by Amanda Connolly in Ottawa
The level of trust Canadians have in the federal government is at its highest point since EKOS Research began measuring the key indicator 17 years ago, a new survey shows.
According to the poll, which surveyed 1,176 Canadian adults over the age of 18 on April 14th and 15th, 44 per cent said they “almost always” or “most of the time” trust the new Trudeau government in Ottawa to do what is right, compared to roughly 30 per cent who said the same before the October election, when Stephen Harper’s Conservatives were in power, and a low of 22 per cent in fall 2014.
That 44 per cent is the highest number tracked since EKOS began asking “the trust question” in 1990 and is the highest level measured previous to that by Gallup since the mid-1970s.
The poll was conducted more than three weeks after the Liberal government’s first budget, which was tabled on March 22 and reflected Prime Minister Justin Trudeau’s major, controversial, election promise of deficit spending to stimulate economic growth.
The current numbers also reflect that 53 per cent of respondents say they trust the government only some of the time or almost never, down from a six-year high of 76 per cent in August 2014 and just over 60 per cent in October 2015.
The poll has a margin of error of +/- 2.9 per cent, 19 times out of 20.
“It’s really quite surprising to see the amount of bouyancy in that number with the current government,” said EKOS pollster Frank Graves. “I would have guessed it would go up but I would not have guessed it would go up that much or that it would have persisted for several months.”
According to EKOS Research numbers, the number of Canadians who said they trust the government to do what is right dropped consistently during the 1970s and 1980s, reaching a low of roughly 20 per cent in 1990.
That time period encompassed the terms of former prime ministers Pierre Trudeau, Joe Clark, John Turner and Brian Mulroney, with trust levels beginning a slow climb again during the end years of Mulroney and the governments of Kim Campbell and Jean Chretien.
However, starting in 2000 that number became sharply more volatile than in years of the past, rising and dropping during the tumultuous end of Jean Chretien’s tenure and the entirety of Paul Martin’s government, before rising sharply and falling equally sharply between the time Stephen Harper came into and left office.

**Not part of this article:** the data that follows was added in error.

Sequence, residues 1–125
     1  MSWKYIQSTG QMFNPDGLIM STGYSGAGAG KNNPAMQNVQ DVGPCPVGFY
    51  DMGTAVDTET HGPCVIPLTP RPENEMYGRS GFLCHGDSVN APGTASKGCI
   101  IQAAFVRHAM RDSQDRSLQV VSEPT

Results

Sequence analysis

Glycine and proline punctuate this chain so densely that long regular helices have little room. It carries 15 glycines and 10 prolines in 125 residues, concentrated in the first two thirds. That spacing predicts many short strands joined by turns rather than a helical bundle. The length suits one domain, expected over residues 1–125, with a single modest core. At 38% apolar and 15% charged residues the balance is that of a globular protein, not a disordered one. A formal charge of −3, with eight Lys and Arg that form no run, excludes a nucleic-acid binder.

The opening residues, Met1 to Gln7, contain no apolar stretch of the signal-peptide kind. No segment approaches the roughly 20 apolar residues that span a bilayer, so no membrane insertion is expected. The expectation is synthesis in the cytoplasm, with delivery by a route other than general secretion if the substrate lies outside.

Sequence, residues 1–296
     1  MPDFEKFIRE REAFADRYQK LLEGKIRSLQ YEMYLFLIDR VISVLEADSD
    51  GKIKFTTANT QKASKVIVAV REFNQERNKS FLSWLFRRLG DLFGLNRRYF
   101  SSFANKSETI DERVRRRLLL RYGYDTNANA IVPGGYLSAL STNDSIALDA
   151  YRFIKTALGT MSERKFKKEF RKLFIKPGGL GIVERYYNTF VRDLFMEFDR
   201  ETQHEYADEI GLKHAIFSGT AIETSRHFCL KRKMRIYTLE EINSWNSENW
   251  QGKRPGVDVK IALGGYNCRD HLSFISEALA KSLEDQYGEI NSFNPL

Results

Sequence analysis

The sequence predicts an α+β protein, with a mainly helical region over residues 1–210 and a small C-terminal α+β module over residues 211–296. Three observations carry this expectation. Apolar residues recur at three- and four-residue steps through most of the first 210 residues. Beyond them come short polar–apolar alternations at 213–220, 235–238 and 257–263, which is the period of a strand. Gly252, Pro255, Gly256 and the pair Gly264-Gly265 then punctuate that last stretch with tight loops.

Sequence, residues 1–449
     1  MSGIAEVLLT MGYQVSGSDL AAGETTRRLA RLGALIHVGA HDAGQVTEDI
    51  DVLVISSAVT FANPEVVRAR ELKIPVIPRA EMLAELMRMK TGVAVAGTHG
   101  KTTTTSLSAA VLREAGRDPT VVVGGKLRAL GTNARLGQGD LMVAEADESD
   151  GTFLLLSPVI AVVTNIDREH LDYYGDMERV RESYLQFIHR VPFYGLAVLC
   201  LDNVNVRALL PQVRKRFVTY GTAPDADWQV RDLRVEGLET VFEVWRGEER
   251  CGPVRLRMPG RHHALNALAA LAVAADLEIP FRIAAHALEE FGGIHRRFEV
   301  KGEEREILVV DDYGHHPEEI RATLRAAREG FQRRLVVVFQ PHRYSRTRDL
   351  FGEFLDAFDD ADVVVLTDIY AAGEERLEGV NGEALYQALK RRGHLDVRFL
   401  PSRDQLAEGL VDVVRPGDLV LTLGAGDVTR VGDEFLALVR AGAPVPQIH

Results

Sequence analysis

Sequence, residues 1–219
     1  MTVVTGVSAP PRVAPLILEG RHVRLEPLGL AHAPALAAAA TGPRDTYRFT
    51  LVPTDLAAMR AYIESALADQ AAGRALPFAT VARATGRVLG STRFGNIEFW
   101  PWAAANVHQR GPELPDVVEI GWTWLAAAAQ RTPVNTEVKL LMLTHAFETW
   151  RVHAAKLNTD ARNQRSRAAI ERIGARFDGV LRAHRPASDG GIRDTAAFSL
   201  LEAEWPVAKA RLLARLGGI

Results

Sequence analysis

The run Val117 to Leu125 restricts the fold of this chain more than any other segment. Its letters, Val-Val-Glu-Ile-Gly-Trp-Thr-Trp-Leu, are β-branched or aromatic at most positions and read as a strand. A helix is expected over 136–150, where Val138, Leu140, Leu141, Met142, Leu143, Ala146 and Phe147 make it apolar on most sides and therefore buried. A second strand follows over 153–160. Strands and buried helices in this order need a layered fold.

At the same time, the number of Canadians who say they believe the country is heading in the right direction may be levelling out to post-election norms.
Between April 2015 and October 2015, the number of respondents who said the country was heading in the right direction ranged from between 39 and 50 per cent, while those who said the country was heading in the wrong direction were between 49 and 62 per cent.
In January 2016, just three months after the election, those both reached their respective peaks: roughly 69 per cent said the country is heading in the right direction while roughly 32 per cent said the opposite.
Those post-election reactions appear to be moderating, with 55.2 per cent of respondents saying the country is heading in the right direction compared to 37.5 per cent who say the opposite.
The number of respondents who said the Government of Canada is heading in the right direction — and those who say the opposite — down slightly from where they were in January, with 60 per cent saying the government is heading in the right direction and 33 per cent saying it is heading in the wrong direction.
Given the recent post-oil crash economic turmoil in the country, that’s unusual, says Graves.
“That’s paradoxical because often a very poor economy has a corrosive impact on the public’s sense of whether the government’s moving in the right direction,” he said. “In this case, we don’t see that. We see the opposite. But that patience will not be infinite.”
Republished in partnership with iPolitics.ca.